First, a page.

-Posted by Anonymous
I attended my professor’s office hours one evening for tutorial. I went there with the intention of asking for references on feminist and queer literature in my field of study. So far, we had only read one woman; white male philosophy seemed to be the lynchpin of my program’s curriculum.
My professor began by saying there wasn’t much feminist literature in my field (a bald-faced lie), and what little there was, he couldn’t be bothered to read. He did eventually recommend that I read Luce Irigaray’s work. But he had to add a disclaimer to my interpretation of her: I was not to take her too seriously.
“She only writes about women. Her psychoanalysis ignores the male sex organ. This lesbian perspective is problematic. Her work is one-sided and thus irrelevant.”
This took me aback; I could feel blood rushing to my face and I shifted nervously in my chair. London is the only place that I’ve felt comfortable enough to be openly queer. And yet here was my professor, at a progressive and critical institution, telling me first that women who write only about other women are lesbian, and second that these “lesbian perspectives” are invalid.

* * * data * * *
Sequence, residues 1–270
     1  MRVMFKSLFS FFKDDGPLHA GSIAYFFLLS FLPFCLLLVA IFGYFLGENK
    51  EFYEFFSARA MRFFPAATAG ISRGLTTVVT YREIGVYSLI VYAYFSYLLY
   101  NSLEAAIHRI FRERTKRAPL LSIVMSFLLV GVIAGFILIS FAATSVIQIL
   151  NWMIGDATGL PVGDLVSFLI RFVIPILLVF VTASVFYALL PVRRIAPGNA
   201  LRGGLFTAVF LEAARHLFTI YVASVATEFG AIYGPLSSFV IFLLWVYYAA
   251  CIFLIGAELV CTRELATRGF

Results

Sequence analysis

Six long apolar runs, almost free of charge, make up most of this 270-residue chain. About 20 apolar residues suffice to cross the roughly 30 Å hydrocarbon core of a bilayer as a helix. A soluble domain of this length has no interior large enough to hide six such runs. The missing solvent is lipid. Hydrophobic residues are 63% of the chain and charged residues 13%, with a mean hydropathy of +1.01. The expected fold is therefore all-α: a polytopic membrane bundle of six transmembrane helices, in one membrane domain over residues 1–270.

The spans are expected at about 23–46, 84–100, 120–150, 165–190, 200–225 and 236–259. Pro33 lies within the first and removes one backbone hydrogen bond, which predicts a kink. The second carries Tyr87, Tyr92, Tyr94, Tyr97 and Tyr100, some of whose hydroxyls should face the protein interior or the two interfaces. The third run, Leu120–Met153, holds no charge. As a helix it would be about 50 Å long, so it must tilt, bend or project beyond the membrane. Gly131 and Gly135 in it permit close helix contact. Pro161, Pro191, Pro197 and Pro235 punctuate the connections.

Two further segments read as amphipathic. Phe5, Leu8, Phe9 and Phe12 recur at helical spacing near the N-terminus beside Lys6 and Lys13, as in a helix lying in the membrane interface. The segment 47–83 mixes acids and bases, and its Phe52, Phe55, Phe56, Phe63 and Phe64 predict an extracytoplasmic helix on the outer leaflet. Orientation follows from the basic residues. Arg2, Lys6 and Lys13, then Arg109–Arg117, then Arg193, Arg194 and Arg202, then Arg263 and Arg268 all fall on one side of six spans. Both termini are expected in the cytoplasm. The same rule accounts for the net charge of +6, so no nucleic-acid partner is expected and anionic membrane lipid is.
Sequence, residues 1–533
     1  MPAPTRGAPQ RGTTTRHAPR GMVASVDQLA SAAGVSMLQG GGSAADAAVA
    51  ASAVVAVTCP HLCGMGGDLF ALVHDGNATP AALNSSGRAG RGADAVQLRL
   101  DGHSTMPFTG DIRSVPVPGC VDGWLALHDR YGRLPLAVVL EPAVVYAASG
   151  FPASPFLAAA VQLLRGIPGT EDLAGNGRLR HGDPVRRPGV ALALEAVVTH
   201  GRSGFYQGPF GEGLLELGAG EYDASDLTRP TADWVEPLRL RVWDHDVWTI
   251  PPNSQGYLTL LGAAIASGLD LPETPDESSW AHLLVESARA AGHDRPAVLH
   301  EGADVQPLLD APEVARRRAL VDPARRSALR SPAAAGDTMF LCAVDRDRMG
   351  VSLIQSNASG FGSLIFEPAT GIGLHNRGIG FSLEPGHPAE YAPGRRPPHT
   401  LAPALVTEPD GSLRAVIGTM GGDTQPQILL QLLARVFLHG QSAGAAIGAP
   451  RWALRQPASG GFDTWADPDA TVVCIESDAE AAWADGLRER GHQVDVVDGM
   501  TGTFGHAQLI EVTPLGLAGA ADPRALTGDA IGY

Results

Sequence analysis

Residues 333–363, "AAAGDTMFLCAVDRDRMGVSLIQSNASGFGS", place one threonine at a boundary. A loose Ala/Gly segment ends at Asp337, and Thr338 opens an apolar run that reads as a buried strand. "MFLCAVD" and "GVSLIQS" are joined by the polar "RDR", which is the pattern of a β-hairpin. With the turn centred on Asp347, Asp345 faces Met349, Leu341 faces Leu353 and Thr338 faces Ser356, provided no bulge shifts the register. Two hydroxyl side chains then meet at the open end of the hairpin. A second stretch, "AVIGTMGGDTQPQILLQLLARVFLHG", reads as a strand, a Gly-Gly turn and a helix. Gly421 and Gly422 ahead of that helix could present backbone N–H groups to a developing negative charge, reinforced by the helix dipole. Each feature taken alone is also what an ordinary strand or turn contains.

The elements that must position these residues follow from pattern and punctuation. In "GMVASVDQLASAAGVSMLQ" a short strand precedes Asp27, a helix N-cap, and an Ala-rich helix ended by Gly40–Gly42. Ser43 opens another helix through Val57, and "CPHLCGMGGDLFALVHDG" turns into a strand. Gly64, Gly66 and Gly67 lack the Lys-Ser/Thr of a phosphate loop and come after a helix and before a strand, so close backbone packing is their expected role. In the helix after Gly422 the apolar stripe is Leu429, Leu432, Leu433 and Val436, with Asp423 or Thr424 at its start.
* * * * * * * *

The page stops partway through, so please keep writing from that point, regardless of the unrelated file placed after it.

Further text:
I confronted him on his (hetero)sexism, and in that moment felt obligated to come out as queer. He quickly backpedalled, looking slightly flustered. Yet he continued to assert that Irigaray’s focus on women invalidates her work because how could he, a man, possibly be expected to understand works that come from a female perspective?
I then asked if my perspectives as a queer feminist are invalid. He never answered. He had this way of brushing off my questions, mansplaining that I misunderstood what he meant by “lesbian perspective” and “irrelevant”.
I went home that night questioning, so how could I possibly understand the work of the male philosophers, who ignore women or simply use them as objects, that we read every week?
Realising the absurdity of his statements, I proceeded to write my term paper on a feminist issue, predominantly citing the plethora of feminist literature in my field.